For many of us, success has become a matter of recalibrating our perspective around the subject of failure.
To make things much more complicated, failure as defined by our cultural has become attached to the idea of finality. In other words, failure is seen as a binary, transactional, and vacuous event – from which we simply cannot recover or redeem ourselves (rather than the father of success or the master teacher).
In truth, no one likes to fail. We’d all rather succeed the first time we make an effort at achieving any objective. But, the larger truth about failure and life is much more powerful. Failure teaches us exponentially more than “how not to do something” – which is a gift in and of itself. Failure offers the opportunity to develop new paradigms of thinking by moving our methods and strategies towards the solution (and away from failed concepts).
In short, failure is a naturally occurring mechanism that leads to success through the shifted perspective often achieved by developing and experiencing (living out) strategies that do not lead to success. Failure forces us to think differently, act differently, and (if we are up to the task), try again.
Failure is the pathway to success – the only one. Without failure, there can be no consistent success. Failure demands – if success is the goal – patience, persistence, and reveals passion in the pursuit of the objective by those willing to try again.
What other phenomenon offers so much to each of us? Nothing gives us more than failure.
Want your children to be successful?
Hope for failure.
Want to experience more in this life?
Pray for failure.
Want to grow in the service of others and make more meaning of your existence?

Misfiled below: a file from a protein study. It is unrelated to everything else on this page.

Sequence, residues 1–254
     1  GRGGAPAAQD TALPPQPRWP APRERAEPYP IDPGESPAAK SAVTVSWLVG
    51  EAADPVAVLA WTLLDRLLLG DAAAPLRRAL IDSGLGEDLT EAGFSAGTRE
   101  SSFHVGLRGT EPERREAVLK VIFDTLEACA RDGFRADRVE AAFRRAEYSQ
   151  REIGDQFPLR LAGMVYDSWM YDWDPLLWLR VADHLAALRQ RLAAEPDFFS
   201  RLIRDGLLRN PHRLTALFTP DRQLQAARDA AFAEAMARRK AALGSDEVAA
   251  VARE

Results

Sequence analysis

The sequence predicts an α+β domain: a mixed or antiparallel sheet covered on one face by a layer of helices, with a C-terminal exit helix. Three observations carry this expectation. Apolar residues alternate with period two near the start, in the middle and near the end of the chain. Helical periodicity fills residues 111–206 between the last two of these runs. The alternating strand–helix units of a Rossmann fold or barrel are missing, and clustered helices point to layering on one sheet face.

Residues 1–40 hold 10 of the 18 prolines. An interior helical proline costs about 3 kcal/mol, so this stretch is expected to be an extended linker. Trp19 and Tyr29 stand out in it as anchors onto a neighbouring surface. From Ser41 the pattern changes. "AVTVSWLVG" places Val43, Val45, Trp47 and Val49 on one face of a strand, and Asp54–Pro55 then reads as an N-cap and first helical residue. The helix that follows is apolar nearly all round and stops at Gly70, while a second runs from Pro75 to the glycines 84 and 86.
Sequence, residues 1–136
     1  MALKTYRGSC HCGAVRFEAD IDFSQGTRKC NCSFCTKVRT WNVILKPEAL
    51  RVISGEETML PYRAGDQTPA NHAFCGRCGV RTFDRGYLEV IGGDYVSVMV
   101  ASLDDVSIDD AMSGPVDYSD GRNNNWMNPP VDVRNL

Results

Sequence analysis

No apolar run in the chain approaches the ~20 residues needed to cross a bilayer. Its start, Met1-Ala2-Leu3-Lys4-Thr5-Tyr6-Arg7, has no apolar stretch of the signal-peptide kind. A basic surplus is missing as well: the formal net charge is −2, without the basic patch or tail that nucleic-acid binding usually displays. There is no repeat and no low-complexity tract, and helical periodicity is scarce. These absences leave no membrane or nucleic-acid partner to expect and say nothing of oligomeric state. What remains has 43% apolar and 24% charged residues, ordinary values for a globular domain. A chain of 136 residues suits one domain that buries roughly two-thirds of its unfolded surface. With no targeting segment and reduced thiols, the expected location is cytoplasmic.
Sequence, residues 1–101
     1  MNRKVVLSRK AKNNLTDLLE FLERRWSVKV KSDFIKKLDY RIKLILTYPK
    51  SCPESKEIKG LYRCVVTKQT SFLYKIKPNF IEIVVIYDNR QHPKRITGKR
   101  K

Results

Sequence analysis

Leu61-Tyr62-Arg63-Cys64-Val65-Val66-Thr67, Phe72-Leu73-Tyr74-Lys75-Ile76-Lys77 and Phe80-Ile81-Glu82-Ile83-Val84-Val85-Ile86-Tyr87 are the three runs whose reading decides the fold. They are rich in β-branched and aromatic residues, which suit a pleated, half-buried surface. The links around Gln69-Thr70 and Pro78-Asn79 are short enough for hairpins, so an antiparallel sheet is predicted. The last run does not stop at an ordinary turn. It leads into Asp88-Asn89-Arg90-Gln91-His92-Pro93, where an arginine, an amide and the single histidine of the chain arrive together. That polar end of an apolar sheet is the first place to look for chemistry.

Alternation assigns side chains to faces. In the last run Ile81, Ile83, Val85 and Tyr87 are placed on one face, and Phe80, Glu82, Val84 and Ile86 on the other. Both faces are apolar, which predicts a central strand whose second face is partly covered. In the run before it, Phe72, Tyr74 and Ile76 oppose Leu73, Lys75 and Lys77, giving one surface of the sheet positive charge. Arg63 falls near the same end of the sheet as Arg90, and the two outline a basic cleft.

Seek out failure.
The Navy Seal’s have a motto that reflects the need for both the failure and persistence required in moving past failure to success:
Do today what others won’t (that is, risk today what other’s won’t), do tomorrow what others can’t (by risking, failing, and ultimately succeeding).
In other words, “fail forward” as Roosevelt once said. Navy Seals “fail forward fast” by intentionally seeking out the lessons failure offers and quickly applying those lessons in the next evolution/effort. The same can be said for successful Kravists. Think about that concept…
Winston Churchill, one of my favorite historical figures who showed unwavering courage and willingness to risk much for his country, once said: “Success consists of going from failure to failure without loss of enthusiasm.” How could one have enthusiasm about failure? By recognizing that failure is the ONLY path to success.
Finally, I believe the most important element of failure is an understanding that (in many instances) the success achieved (at the direction of failure) far outweighs the combined cost that multiple failures extracted in getting to the goal.
Simply, all the effort and failure required in achieving success pales in comparison to the enormity of the payoff. This is a true to the extent that this ideal must be a natural law.
The next time you try and fail; remember that failure is the father of success. And, your success will tower over all your past failures. In the end, the concepts of failure and success can’t exist without the other in the continuum of seeking a result.
We try, fail, recalibrate, try, fail, recalibrate, and eventually succeed. Stay the course and follow the path; your failure is leading you to success.